Facebook has a wonderful way of stirring up memories from times past by reminding you of pictures and statuses you posted years ago, some make you cringe, some make you laugh and some remind you of a time you didn’t think you would escape from. My ‘memories’ from this time of year are always focused around my eldest son and his journey through NICU as a 29 weeker – the milestones he reached, the weight he put on and eventually the time he came home. I remember that part of my life like it was yesterday, the beeps and alarms of the machines, the desats, the countless tests, the one step forwards two steps back, the constant wave of emotions that were so incredibly draining. There were so many tears and hours of anguished waiting, I spent many an hour just sat holding my boy when I was finally able to and I was never ready to put him down just in case, just in case it was my last cuddle, just in case despite how well he was doing something happened. I never wanted to waste a moment, I wanted to absorb every smell, crease, and breath he took.
Seeing these ‘memories’ brings back that time in my life where I didn’t know whether I would have the strength to go on. Then another story came on my feed, a story that was not mine, but one that broke my heart.
A school friend from years ago had shared their story of the moment they discovered their son was to be born sleeping.
“We went to the hospital as I had experienced reduced movement this is when we were told the devastating news that there was no heartbeat.
I was 32 weeks pregnant. Baby Noah was just perfect, we got to hold him, dress him and kiss him and we will cherish forever all of the memories we made that evening.”
Upon reading these first few words, I was overwhelmed by emotion, even writing this now brings me to tears, I cannot for a moment comprehend what they must have been going through. Even through our hardest times when Grayson was born I always counted my blessings that he was with us in our arms – I’d had nightmares of the worst and struggled to cope with the emotion of it all on some days but I could never fully imagine how devasting this would be if we were to ever lose him.
The awful and tragic thing about this story for Nicky and Jonathan (and for many others) was that it was nobody’s ‘fault’
“Sadly there was nothing that could be done for Noah, he had got himself in a tangle, the cord was wrapped around his neck and his arm which had cut off the oxygen supply”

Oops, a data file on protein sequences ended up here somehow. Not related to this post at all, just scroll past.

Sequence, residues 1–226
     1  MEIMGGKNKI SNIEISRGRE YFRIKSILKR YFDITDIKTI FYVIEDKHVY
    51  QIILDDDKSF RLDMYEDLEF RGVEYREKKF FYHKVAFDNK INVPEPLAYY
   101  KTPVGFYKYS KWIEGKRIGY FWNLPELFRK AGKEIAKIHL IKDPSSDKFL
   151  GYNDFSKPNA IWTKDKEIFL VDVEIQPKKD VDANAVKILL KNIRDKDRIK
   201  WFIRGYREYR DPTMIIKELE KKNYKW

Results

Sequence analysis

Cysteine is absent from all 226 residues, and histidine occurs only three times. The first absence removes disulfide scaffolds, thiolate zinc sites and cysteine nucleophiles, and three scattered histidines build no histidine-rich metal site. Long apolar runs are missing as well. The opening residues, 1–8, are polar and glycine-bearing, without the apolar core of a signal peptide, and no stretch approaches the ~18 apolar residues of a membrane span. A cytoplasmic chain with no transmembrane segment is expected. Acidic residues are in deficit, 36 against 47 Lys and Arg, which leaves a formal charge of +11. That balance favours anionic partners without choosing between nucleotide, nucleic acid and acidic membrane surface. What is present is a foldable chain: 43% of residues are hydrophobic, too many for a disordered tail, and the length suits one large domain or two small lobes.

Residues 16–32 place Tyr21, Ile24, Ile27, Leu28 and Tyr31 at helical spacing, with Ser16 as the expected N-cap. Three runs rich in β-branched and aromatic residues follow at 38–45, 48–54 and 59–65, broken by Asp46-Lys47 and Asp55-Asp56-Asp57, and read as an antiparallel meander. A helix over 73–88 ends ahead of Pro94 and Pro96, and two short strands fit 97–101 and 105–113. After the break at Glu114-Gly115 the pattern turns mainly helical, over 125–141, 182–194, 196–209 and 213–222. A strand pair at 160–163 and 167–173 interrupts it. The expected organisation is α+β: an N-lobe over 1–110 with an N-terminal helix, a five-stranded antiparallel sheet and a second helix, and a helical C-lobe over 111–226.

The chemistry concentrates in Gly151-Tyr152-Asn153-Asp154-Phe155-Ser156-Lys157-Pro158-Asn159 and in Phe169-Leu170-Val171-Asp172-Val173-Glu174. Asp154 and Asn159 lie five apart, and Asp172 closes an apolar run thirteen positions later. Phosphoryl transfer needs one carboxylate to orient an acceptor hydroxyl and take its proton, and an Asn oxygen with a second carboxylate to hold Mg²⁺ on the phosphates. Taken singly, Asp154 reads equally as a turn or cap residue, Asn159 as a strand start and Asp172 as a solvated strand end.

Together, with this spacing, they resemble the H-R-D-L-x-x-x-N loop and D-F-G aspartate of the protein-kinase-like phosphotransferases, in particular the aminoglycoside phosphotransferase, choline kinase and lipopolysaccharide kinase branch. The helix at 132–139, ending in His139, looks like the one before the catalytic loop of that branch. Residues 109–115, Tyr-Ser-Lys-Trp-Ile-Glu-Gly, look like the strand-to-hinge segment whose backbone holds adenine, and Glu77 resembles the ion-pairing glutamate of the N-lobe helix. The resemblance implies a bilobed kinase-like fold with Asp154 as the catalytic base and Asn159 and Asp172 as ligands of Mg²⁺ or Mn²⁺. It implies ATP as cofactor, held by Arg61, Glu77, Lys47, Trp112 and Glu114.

Upon reading this I think back to when our youngest son Myles was born. Although technically premature at 36+4, I begged to have a water birth, in my stubbornness I pushed and pushed because I hadn’t had the birth that I had planned with Grayson. I was determined to have at least one of my babies how I wanted. I was fortunate that upon great deliberation I was allowed a water birth AS LONG as I was monitored every five minutes – ‘yeah yeah’ I thought. But I am so glad they did because in the moment’s of checking they quickly discovered that Myles was going into distress. I was immediately ordered out of the pool and a team came rushing in, gone were the moments of calm, instead there were shouts of instructions, alarm calls, doctors and midwives came rushing in. Once his head was out it was discovered that his cord was wrapped round his neck, tightening and causing him to go into distress. The moments after he was born was an anxious one, we nervously waited as the team with their backs to us tried to get that first breath. You could feel the tension and see the sense of panic until finally there was a squeak – everyones shoulders suddenly relaxed and after a few moments he was handed to me.
Again we were so close, as with Grayson, it could have gone either way, but we were fortunate. And that’s what it comes down to in the end, sometimes there’s nothing we can do, there’s nothing that we did it was just what happens, as unfortunate as it is.
I feel deeply saddened that this has happened to Nicky and Jonathan, no one should ever have to go through this, no one ever deserves such a thing. But out of these dark times they are showing strength, they are wanting to break the silence and the taboo and raise awareness.
” we want pregnant ladies not be afraid to go to the hospital if they are concerned, have the confidence to seek advice and ask questions. We need to break the silence on stillbirths, today it is still a taboo subject but everyday families are going through this heartache. “
I remember feeling like I was a nuisance but I’m glad I was, if I had not ‘bugged’ the midwives would I have carried on in naivety and then not had my boy?
I think their story resonates with me so much because of how close I could have come with both of my boys, although I know this is heartwrenching to read by anyone. From their story I see great strength, I see turning a heartbreaking moment into something positive for others and I hope with all of my heart that their future will be a brighter one with a little bundle in tow.
It’s not something I would normally do but this has touched me so much and I admire the courage that these two have to try and make a difference for others – nothing will ever replace the beautiful boy that they lost but hopefully in time the heartache will be easier to bear and the grief will be lighter to handle, so I am asking you if you could, please read their story and if possible support them in their hopes to bring some light to their dark times. I know that this will touch many hearts as does every story of loss, but keeping it quiet and hidden does nothing for those who are suffering and want/need help. These women need the confidence to speak up without feeling like they are ‘bugging’ anyone, parents need to be acknowledged in these difficult times and these angel babies need a voice. Please help support Nicky and Jonathan and their son Noah and the many other families who have experienced this.